medications, contingency management, or as an adjunct
intervention to the established treatments. Building on the
successes and failures of the first generation of CBI for
ADHD, Lauren Braswell and Michael Bloomquist (1991)
developed one of the most comprehensive treatment packages for children and adolescents with ADHD. This treatment package, Cognitive–Behavioral Therapy with ADHD
Children: Child, Family and School Interventions, was
developed based on an ecological– developmental model of
cognitive–behavioral therapy to improve children’s selfcontrol. In contrast to previous treatment packages where
most of the interventions focused on the child, Braswell and
Bloomquist emphasized the role of parents and teachers in
teaching, modeling, and monitoring strategies for enhancing
self-control. According to Braswell and Bloomquist, just as
children have cognitive and behavioral deficits that need to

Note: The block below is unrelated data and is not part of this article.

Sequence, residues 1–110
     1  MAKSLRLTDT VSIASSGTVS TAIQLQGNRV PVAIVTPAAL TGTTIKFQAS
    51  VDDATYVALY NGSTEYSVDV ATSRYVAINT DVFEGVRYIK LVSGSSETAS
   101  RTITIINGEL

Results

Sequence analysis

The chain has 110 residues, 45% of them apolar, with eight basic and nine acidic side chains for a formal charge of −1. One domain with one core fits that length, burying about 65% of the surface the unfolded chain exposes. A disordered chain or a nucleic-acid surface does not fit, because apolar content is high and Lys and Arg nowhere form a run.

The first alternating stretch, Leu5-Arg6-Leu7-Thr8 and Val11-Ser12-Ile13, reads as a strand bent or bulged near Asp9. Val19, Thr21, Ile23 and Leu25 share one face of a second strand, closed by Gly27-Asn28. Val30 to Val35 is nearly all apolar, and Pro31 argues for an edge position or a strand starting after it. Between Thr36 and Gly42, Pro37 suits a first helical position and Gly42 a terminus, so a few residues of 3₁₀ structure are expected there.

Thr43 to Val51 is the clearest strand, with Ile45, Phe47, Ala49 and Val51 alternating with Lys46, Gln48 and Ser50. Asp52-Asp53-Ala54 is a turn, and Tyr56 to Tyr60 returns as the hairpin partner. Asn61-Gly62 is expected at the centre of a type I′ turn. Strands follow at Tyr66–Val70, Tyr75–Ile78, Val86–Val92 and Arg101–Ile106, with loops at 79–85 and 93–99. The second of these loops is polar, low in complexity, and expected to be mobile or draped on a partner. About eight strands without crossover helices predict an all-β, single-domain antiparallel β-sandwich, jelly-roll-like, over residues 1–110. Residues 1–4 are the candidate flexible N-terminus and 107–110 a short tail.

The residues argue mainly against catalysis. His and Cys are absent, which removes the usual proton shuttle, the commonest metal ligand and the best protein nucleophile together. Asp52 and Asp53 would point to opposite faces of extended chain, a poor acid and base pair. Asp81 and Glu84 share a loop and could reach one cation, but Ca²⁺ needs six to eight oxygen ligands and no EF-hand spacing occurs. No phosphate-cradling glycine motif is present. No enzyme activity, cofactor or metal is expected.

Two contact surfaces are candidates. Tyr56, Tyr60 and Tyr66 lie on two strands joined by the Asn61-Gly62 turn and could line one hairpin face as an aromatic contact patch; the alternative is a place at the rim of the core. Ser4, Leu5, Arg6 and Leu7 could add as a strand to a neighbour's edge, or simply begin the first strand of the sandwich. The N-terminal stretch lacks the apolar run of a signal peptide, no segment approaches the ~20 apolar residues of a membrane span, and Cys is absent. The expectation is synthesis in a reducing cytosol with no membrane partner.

be addressed through skills training, so do parents and families. The primary aim of the treatment is to teach children
self-control strategies using problem-solving and selfinstruction training. These training strategies are employed
in dealing with impersonal problems (e.g., academic work
Autism Spectrum Disorders
or poor effort) and/or interpersonal problems (e.g., interaction
difficulties with peers and family members). Children and adolescents also receive social skills training, anger management
training, and strategies for improving academic work. To modify parents’ thoughts and attitudes, educational and cognitive
restructuring are employed. Parents are taught effective behavior management skills and strategies for reinforcing what the
children learn in individual and group sessions.
Families receive communication skills training, and